#866 Witch and Wizard by James Patterson and Gabrielle Charbonnet

Witch and Wizard by James Patterson and Gabrielle CharbonnetWitch and Wizard by James Patterson and Gabrielle Charbonnet

Whit and Wisty, siblings, are snatched in the middle of the night and thrown into a strange prison. They’re accused of being witches. This is all very confusing. Somehow the girl Whit loves is dead, but still around. There’s some weird guy who calls himself The One who is the One. There’s also the One Who Judges and the One who Orders the Pizza. The last one is fake. It also turns out that there is some truth to the witch claim. Whit and Wisty can do some magical things. They’re going to help all the other children who were thrown into prison and try to get their parents back.

What I liked

Of course I love the whimsy in this book. I love stories where woo or supernatural sit right alongside what we’re familiar with.

What I didn’t like

I feel like I missed a who bunch of stuff. I don’t know if I was zoning out or the book is written in such a way that a person can miss a bunch of stuff. I feel like I was out of the loop on so much of this book.

It reminded me of The Land of Stories series, which is for younger children. This seems like a more grown-up version of that series. There are other books in this series, which is good. I don’t know if I’ll read them. I think I’d have to read this one again to pick up on some things I missed before I read anymore books in the series.

It’s kind of a dick move to go around picking up people an imprisoning them because they’re “special” in some way. Just because they’re different, doesn’t mean you can lock them up and throw away the key.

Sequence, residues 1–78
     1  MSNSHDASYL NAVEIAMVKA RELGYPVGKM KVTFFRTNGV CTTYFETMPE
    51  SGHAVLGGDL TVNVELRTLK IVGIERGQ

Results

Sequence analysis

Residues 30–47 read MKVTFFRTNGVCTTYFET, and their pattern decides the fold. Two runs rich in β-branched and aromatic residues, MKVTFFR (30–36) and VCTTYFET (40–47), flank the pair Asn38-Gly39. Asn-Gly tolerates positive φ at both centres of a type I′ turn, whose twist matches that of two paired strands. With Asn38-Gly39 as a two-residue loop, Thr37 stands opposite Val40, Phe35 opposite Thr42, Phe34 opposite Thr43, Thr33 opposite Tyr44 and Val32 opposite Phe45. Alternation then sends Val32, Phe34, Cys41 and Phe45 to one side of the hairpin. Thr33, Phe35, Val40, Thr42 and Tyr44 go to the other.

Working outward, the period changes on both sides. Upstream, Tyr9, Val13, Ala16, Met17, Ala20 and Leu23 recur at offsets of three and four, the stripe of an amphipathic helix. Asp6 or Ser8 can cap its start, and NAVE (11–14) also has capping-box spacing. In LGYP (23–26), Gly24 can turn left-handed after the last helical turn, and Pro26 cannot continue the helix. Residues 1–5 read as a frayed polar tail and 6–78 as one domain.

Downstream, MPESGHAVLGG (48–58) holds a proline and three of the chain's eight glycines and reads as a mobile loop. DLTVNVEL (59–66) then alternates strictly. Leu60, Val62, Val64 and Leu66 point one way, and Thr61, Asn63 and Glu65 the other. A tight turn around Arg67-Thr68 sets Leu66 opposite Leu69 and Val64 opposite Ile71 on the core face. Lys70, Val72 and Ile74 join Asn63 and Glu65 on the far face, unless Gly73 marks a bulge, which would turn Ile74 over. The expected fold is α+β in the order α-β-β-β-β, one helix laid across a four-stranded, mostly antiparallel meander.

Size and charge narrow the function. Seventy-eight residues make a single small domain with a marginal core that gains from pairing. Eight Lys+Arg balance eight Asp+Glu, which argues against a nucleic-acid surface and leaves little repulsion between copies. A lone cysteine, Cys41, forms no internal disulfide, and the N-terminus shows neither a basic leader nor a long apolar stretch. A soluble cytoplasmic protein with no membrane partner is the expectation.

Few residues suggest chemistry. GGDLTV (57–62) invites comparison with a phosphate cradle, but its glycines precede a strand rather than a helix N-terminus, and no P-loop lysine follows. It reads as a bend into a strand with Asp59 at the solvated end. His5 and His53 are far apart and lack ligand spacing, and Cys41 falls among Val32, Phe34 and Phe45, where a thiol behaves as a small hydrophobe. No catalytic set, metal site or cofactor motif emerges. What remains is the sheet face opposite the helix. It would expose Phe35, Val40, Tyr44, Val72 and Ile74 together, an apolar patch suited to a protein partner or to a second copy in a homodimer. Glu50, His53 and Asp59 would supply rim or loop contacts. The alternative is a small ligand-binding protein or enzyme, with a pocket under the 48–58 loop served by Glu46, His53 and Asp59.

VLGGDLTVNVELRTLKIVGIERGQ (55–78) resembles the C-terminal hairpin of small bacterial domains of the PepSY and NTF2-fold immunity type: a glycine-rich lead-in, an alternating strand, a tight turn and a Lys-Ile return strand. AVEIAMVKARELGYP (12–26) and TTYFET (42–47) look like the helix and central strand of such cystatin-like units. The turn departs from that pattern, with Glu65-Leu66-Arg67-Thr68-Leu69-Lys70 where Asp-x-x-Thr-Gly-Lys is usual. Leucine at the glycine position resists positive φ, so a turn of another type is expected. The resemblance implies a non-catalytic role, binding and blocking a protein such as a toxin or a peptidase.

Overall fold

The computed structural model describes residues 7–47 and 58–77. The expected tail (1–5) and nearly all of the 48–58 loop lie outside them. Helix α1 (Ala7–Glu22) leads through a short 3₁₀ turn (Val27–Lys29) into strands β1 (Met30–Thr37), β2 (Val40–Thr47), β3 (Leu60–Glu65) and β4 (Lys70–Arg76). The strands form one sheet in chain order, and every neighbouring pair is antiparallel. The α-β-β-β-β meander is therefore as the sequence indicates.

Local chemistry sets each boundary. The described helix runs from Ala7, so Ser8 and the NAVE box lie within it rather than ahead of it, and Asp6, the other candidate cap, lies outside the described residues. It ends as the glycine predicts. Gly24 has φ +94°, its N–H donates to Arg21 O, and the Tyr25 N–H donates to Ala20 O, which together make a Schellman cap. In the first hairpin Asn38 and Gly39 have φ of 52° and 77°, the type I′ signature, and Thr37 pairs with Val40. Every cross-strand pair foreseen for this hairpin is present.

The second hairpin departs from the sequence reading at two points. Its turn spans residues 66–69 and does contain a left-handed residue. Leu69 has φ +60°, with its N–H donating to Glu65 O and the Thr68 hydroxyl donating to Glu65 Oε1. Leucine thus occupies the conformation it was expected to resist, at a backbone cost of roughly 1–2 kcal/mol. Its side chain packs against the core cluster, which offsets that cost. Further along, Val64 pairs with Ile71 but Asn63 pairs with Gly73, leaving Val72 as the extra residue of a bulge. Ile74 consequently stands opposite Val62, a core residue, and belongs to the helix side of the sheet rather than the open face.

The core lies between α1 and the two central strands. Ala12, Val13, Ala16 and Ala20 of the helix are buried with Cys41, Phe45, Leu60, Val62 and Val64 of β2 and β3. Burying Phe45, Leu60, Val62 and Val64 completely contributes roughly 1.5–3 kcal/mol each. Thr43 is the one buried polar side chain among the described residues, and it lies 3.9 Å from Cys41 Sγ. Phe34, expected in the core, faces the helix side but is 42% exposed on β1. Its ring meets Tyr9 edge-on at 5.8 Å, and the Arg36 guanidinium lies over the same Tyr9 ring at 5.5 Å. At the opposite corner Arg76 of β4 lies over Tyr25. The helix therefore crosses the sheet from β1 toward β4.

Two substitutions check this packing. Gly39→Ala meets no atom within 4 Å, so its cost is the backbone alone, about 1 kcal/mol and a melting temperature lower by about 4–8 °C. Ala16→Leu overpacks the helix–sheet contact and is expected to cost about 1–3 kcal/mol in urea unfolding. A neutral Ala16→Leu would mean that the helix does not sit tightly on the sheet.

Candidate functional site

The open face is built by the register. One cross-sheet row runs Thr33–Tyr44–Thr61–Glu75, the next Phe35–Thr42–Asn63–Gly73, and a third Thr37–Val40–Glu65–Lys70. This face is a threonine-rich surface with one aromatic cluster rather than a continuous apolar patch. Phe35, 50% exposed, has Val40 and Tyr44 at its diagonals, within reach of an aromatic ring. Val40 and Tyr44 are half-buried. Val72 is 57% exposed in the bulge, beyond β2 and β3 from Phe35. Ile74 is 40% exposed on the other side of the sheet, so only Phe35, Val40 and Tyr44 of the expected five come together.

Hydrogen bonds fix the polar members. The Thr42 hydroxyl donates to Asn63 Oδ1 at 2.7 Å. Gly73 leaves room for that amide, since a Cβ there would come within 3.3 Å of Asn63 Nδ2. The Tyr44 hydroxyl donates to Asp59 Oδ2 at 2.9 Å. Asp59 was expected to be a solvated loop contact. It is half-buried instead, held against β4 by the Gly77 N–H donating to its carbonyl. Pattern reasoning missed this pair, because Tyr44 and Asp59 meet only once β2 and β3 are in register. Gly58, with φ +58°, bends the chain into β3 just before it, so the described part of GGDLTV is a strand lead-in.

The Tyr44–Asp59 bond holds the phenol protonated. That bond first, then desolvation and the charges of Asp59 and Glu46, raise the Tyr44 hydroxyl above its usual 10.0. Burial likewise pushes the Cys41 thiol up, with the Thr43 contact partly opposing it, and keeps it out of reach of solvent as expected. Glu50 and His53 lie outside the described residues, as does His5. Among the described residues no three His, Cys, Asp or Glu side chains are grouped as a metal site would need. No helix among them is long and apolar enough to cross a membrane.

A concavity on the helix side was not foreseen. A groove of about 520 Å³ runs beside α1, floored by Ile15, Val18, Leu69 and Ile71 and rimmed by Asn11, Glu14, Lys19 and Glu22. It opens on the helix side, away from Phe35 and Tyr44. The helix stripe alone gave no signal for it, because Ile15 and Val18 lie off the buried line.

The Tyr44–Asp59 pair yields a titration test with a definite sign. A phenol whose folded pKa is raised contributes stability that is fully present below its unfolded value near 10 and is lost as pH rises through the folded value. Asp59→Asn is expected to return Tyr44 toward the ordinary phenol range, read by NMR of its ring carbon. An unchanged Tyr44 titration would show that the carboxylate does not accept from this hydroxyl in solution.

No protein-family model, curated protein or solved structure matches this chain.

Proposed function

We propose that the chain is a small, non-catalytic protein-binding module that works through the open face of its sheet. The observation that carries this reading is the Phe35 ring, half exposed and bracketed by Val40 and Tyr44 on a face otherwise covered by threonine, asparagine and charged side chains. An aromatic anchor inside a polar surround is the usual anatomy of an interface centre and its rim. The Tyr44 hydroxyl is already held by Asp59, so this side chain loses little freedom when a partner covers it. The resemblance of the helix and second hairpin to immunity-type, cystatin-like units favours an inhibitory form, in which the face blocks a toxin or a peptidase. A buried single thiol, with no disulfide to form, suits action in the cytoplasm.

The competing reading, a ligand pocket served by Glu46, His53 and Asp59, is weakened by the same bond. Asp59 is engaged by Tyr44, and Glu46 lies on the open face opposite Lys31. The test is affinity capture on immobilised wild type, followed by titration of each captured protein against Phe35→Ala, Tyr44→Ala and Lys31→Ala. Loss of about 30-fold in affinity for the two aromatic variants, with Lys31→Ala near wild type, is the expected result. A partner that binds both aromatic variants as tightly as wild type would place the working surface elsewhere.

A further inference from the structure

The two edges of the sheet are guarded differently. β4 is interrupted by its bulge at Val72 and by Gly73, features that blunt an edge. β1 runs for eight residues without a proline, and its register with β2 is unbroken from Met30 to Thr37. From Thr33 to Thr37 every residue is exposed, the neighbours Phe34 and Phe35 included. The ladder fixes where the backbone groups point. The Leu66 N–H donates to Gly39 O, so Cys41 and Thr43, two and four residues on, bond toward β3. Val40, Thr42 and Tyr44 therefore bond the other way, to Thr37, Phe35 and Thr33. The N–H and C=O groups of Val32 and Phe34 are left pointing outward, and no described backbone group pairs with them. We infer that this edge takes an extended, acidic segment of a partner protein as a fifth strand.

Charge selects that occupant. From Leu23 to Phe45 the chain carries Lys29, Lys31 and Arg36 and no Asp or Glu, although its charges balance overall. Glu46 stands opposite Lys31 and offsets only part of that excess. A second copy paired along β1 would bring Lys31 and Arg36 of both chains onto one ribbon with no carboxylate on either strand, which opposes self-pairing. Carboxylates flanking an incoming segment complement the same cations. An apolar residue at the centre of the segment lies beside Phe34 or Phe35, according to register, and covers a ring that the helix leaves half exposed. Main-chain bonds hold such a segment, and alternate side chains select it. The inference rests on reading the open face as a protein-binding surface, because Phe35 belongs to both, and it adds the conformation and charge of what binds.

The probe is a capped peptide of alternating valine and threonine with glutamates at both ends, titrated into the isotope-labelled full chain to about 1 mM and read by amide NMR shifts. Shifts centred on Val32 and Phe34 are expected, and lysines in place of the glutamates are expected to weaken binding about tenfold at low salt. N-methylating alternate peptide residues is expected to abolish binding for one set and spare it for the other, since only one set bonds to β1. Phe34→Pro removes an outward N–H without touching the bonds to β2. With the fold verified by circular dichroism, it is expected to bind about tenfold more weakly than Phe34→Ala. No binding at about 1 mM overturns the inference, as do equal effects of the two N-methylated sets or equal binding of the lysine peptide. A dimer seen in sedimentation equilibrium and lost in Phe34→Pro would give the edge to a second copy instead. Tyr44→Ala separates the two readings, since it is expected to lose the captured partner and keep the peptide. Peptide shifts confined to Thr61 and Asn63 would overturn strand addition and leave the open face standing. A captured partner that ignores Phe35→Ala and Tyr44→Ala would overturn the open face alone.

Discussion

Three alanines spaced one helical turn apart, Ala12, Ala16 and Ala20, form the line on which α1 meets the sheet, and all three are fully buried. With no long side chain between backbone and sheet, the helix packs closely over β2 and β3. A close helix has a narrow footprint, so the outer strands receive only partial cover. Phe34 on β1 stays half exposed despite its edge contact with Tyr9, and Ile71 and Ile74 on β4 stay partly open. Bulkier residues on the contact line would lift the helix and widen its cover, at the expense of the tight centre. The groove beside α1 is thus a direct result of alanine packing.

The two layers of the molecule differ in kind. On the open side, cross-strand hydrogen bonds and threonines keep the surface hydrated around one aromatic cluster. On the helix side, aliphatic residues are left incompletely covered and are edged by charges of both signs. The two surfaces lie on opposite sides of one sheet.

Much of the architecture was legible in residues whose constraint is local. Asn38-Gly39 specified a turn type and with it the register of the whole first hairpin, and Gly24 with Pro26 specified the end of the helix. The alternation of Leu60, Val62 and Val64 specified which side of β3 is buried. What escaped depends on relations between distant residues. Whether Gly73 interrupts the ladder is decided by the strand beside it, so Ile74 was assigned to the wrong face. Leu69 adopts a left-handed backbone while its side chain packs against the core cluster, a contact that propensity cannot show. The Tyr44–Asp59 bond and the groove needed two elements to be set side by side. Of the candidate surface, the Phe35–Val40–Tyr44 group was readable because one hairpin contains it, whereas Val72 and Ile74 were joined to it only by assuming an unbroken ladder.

Overall

Wouldn’t it be nice if we had special powers?

Weigh In

If you found out that you were a wizard, what’s the first thing you would do?

If someone imprisoned you because you were different, how would you feel?

#866 Witch and Wizard by James Patterson and Gabrielle Charbonnet was originally published on One-elevenbooks

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#865 Bicycle Mystery by Gertrude Chandler Warner

Bicycle Mystery by Gertrude Chandler WarnerBicycle Mystery by Gertrude Chandler Warner

The Aldens decide they’re going to go a bicycle trip by themselves. They camp out along the way. They also pick up a strange dog. The dog is grey and looks fancy, but the Aldens have no idea where the dog came from. He obeys very well. People start asking about the dog. They eventually get to a town with a dog show to find out that the dog is some type of show dog, but they still don’t know where he came from. They found him in an abandoned house.

They keep asking around and eventually hear about someone who lost their dog, but it seems really far away. Could these people really be the dog’s owners?

What I liked

Dogs are fun. I don’t know so much about dog shows, as it does seem somewhat pretentious, but dogs themselves are pretty nice. I’ve had my share of dogs over the years and my current dog is a pug. They’re noisy little dogs.

What I didn’t like

Who would let kids go off on a long bike ride like this alone? I get it if you’re an adult and you want to go cross-country biking, but children going cross-country biking seems dangerous. First of all, people driving are crazy and there are some places bikes just don’t belong on the road. Twisty and turny roads with no shoulder are no place for bikers. Do the kids know this? Do the kids know what to do if someone forces them off of a road? What about if they crash? What if someone steals their bikes? There are a whole lot of questions involved in this cross-country biking thing that are difficult to answer even if there are adults doing the biking.

Overall

Let’s go ride bikes, but not on the road.

Weigh In

Would you let your kids go on a cross-country bike ride?

Would you have been responsible enough as a teenager to handle a bike trip like the Aldens’ bike trip?

#865 Bicycle Mystery by Gertrude Chandler Warner was originally published on One-elevenbooks

#864 Cole I love you to the Moon and Back by Aaron Dean Ruotsala